Constructive expression of anger seems to help blow-off steam from explosive situations. “How to say ‘I’m angry’ without accusing?” Taking and allowing others to take time-outs in order to get “OK”, before trying to solve a problem helps. Having green space in which to get a breath of fresh air helps.

    I think the commitment to non-violence and equality in homes and neighborhoods is essential for bringing about the next world. I send the 4 star group all the best wishes for their brilliant undertaking. The next world will come slow, but it will come with efforts like yours.

    All the best,

    jones

  3. jones (again) Says:

    This is something I posted on the anarchist discussion list. thought 4-star might like it.

    Notes toward a New Sociality:
    Post-Apocalyptic Michigan, 2009.

    The apocalypse has already happened in Michigan. The facts are pretty well known: the annual depopulation of the state; the loss of decent-paying work; the demise of the cities (Detroit, Flint, Saginaw and Lansing); Granholm’s decision to invest in a tourist economy (read third-world economy); the bankruptcy of the auto industry; etc., etc… But also, the same changes in society that’re happening everywhere: single-parent and second step-families becoming the norm and not the exception; increasing periods of precarity for children when parents separate; the total absence of this reality in the discourse of government and social services agency hierarchs; the anti-family ideology at work and within capitalism…
    It is becoming obvious that the industrial-based society, built on the ruins of the agricultural society has now ended (how long ago?), and we need new social tools with which a brighter future might be made. One wonders if the concept of “setting down roots” is helpful any longer, or if it is just more complicated than it used to be. Communities based on stability, tax-base, property ownership and stewardship are giving way to communities of temporary membership based on the subject’s ability to find adequate work, housing, food, clothing, transportation and daycare.
    The small-towns of Michigan look abandoned, too. Infrastructure is in pitiful condition. And weirdly enough, no one really wants to talk about it, as if working people are too harried to think about it and no one else cares that much. That’s another aspect of American, post-apocalyptic sociality: people seem unable to speak to each other (as if speech has been repressed for so long that its not worth the struggle anymore, and the “sides” in the struggle have become too vastly dissociated into “opposites”).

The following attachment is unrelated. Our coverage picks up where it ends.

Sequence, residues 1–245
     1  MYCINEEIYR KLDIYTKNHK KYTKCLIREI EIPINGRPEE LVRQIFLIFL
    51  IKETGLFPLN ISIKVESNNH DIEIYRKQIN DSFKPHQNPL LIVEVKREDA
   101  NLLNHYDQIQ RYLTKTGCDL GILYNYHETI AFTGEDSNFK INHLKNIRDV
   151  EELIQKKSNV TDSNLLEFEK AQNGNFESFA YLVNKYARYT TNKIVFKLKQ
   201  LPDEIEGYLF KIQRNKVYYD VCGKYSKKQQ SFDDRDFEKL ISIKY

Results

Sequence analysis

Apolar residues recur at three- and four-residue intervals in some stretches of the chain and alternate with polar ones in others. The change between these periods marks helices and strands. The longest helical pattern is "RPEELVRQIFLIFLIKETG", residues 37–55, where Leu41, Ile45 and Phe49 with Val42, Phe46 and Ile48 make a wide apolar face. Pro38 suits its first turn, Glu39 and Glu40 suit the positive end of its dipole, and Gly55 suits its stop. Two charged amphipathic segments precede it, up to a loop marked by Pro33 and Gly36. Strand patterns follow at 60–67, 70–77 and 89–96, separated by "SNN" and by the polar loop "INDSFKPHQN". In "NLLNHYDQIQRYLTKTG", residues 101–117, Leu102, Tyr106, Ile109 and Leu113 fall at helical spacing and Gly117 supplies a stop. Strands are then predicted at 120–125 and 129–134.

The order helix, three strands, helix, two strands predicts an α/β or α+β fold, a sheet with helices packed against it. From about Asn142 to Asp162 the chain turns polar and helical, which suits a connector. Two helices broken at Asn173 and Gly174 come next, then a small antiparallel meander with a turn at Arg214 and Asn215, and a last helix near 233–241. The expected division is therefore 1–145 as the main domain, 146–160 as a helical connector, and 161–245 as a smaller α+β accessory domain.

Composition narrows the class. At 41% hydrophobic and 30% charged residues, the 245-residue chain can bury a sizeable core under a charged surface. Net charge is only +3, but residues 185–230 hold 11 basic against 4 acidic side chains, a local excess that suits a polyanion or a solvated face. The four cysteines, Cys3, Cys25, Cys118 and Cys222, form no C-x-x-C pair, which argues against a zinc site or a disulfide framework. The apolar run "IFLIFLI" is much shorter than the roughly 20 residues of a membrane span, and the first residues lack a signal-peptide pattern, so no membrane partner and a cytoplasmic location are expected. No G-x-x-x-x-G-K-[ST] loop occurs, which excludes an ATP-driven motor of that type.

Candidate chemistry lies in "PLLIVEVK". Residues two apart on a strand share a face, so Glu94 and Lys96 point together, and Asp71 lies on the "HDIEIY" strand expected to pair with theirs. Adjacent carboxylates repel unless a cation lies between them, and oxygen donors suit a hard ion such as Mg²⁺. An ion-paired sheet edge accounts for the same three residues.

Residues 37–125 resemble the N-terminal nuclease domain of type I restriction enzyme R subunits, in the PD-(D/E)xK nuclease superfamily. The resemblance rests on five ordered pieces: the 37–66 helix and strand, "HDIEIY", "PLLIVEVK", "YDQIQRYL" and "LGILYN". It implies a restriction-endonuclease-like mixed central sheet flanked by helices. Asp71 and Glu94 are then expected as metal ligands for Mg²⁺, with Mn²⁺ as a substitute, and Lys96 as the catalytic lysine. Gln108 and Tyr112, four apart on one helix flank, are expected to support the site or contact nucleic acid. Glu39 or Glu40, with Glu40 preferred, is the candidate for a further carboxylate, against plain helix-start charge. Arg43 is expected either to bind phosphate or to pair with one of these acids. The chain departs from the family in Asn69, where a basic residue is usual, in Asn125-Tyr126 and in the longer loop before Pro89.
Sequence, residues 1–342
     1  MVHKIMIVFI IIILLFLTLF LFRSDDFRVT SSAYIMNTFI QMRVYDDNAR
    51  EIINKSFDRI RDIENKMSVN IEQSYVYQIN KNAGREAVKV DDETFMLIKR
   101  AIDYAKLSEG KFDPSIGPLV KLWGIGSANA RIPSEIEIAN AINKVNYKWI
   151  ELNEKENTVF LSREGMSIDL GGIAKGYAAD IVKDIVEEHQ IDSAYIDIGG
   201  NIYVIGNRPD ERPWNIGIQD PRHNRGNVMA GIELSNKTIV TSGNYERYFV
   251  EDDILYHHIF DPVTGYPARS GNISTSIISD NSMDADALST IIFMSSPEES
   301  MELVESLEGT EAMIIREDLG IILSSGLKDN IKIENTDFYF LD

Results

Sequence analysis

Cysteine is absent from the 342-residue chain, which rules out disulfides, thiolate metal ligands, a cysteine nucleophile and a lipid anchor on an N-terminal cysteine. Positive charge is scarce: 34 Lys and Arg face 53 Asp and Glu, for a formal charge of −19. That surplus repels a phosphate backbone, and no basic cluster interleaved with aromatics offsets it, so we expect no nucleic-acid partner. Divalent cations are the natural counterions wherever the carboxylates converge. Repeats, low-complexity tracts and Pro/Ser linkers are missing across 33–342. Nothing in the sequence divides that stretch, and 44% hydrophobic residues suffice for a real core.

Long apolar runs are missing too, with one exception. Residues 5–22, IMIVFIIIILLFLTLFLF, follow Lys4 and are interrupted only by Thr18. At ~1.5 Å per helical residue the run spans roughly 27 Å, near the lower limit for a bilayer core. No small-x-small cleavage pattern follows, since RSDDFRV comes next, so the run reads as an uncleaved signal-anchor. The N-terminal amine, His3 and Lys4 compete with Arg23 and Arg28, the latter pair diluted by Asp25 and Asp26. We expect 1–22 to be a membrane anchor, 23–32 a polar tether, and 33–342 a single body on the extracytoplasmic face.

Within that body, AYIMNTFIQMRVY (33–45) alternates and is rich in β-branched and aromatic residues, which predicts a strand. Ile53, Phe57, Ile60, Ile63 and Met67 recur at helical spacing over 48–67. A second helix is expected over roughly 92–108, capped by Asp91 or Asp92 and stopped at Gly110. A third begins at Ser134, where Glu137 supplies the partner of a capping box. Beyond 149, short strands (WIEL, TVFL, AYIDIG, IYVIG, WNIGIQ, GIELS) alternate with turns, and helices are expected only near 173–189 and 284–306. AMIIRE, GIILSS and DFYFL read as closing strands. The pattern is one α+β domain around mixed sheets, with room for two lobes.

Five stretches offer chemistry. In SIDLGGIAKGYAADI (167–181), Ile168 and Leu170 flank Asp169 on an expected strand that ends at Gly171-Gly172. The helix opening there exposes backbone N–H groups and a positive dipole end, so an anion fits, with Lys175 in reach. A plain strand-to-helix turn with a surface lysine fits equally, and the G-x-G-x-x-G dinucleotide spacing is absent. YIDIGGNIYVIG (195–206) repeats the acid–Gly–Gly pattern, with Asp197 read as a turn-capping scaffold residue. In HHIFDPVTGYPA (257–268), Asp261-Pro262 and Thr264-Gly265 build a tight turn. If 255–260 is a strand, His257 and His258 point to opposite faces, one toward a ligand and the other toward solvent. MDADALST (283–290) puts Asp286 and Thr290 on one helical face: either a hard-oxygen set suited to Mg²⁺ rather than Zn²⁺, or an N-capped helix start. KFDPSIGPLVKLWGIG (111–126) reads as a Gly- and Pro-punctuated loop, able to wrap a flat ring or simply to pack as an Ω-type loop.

So, as we think about what we want for ourselves and children (if we have them), it may be helpful to take a look at “rootedness, belonging to a place and belonging to a community” and determine the workable thresholds or limits within which we are and can be productive: of ourselves, of our children and youth , of our joy. As anarchists, we can be certain that these issues are being left to the authorities: the human resources departments; the academics; the family psychologists; the so-called liberals in government. But as always, we benefit most when we DIY, and every case will be different. Below is a list of topics which can be added to or scrapped as anyone sees fit. Please feel free to respond as you wish:

    – What is the minimum threshold of capital in which children do not become precarious? Health insurance? Day care? Dependence on extended family? Nutrition? Social interaction with other kids? Home-schooling or alternative student-centered learning ($$$) ? Access to green space? Access to productive technologies (like computer & video)?
    – How to avoid the pathological process of competition-based sociality in favor of a new socius of cooperation and sharing? What is the maximum threshold of exposure to a pathological socius or on the other hand, the necessary relationship in which cultural pathologies can be discussed and avoided?
    – At what point do public school and public institutions like pools, festivals, libraries and concerts begin their negative and repressive effects on the subject? Where it seems unreasonable to cloister-off a child, how also to prepare them? What does it mean to a child to have long-term friendships with peers from (perhaps) the dominant class?
    Anyway, these are just some thoughts.
    All the best, jones.

  4. (A) New World Says:

    Hi there, I just read the principles, good job. Don’t despair if things are moving slowly, we will get there, specially if we continue working on spreading the message. Even now I still find people which talk to me about Zeitgeist’s “Resource Based Economy” as if its a new idea which originated by Mr. Fresco. I generally recommend them books from Kropotkin, Goldman, Berkman.
    Keep it up comrade, and cheers from a southern neighbor!